Group Stresses Need for JAMB to Review its System

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Funmi Ogundare
A body of civil organisations, Joint Action Coalition on Education (JACE) has called on the Joint Admission and Matriculation Board (JAMB), to carry out a holistic review of any lapses encountered during the 2017 Unified Tertiary Matriculation Examination (UTME) which commenced last Saturday, with a view to remedying it before the end of the exam.

Some candidates who sat for the examination, had poured out their frustration over what they described as poor preparation by JAMB, as most centres visited, started late and had system breakdown, network failure, among other issues.

The South West Zonal Coordinator, Mr. Ayokunle Adumashin who briefed Journalists on the development, in Lagos, said the examination showed the imperative for continued investment in broadband penetration and stability in addition to improving on power supply situation in the country, adding that these would totally eliminate the few hitches recorded.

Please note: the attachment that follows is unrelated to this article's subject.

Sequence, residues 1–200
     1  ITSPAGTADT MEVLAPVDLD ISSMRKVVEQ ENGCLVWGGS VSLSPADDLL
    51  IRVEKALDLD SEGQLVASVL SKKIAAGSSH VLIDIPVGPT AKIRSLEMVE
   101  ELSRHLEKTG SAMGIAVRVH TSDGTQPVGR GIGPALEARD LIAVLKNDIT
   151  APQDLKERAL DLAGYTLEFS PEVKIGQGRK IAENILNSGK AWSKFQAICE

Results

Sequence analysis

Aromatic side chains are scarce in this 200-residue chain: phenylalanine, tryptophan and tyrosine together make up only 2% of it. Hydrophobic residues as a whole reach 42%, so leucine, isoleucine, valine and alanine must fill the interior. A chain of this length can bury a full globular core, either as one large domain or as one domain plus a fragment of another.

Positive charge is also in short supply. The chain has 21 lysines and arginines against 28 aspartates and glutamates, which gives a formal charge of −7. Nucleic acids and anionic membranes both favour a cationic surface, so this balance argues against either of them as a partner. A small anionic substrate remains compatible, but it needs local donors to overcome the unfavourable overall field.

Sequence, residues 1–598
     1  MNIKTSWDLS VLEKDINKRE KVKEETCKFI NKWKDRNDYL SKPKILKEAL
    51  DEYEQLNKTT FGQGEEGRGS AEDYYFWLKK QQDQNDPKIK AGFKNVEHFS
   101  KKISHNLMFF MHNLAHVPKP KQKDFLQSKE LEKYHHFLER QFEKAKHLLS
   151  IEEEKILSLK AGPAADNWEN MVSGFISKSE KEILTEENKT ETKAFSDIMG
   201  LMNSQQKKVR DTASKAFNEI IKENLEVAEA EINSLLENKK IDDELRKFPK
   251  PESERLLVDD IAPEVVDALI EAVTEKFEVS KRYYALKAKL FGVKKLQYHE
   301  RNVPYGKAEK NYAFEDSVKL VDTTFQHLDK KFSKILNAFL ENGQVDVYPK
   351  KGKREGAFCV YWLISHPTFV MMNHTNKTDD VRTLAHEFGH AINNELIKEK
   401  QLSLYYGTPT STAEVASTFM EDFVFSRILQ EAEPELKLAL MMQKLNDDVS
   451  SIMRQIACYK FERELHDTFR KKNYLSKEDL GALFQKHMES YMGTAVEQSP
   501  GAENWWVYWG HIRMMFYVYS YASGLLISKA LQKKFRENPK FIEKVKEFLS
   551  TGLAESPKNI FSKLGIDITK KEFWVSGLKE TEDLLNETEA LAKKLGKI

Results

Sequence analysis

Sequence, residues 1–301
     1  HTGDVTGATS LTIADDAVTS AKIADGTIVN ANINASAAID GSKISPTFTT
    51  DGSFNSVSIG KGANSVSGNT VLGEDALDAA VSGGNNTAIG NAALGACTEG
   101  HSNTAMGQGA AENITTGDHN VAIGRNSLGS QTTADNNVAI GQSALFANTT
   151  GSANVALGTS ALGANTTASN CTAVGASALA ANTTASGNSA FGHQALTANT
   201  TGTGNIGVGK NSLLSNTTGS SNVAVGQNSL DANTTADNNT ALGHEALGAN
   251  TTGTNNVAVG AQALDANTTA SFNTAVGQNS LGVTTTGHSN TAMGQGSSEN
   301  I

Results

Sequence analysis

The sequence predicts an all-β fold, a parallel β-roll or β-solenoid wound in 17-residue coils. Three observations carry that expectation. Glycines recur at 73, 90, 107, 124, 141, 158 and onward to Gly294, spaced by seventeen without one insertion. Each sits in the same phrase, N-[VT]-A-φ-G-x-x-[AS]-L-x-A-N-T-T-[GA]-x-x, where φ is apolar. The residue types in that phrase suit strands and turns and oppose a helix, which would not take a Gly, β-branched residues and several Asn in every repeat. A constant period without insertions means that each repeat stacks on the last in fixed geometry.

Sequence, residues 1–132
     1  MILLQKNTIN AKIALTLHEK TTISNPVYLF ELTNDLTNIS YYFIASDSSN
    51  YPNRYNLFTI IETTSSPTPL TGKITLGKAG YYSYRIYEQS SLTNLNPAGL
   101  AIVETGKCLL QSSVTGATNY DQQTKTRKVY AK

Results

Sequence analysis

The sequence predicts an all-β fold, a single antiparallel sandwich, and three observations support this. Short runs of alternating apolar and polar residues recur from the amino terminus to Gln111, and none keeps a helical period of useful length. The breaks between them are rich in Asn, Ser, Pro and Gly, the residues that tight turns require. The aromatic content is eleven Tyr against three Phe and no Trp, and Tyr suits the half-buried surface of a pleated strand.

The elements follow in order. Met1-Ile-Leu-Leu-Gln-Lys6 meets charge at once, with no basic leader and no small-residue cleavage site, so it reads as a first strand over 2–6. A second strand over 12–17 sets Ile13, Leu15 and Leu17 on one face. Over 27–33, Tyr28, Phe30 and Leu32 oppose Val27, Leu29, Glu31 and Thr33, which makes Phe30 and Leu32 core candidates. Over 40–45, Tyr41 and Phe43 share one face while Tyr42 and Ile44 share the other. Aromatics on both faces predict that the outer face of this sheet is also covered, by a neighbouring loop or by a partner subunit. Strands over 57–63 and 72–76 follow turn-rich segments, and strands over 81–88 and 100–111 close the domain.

According to him, “the examination was orderly but the few incidents recorded, which were not significant, were largely issues pertaining to human factor and not caused by systems or process. JAMB should also work on the power problem faced by candidates to forestall any future challenges.”

He said the adoption of Computer Based Test (CBT) has reduced the incidence of malpractice, adding that the installation of close circuit Television (CCTV) at some of the examination centre further contributed to reducing the incidence off malpractice and also complemented security arrangement for the centres.

Adumashin stressed the need for secondary schools to improve on exposing their students to Information Communication Technology (ICT) so that the country can get to a stage where candidates do not experience cyberphobia or fear of computers or technology as such critical time in their life.

“Parents on their own part must on their own part spare no efforts to ensure that they familiarise their children with contemporary technology and trends before they complete secondary school as this will minimise the potentials for those struggling with technophobia at decisive points in their lives,”

He called on the board not to relent in innovating to further make the process pleasant for such candidates saying, “If JAMB start innovating on the CBT, in the nearest future, things can get better.”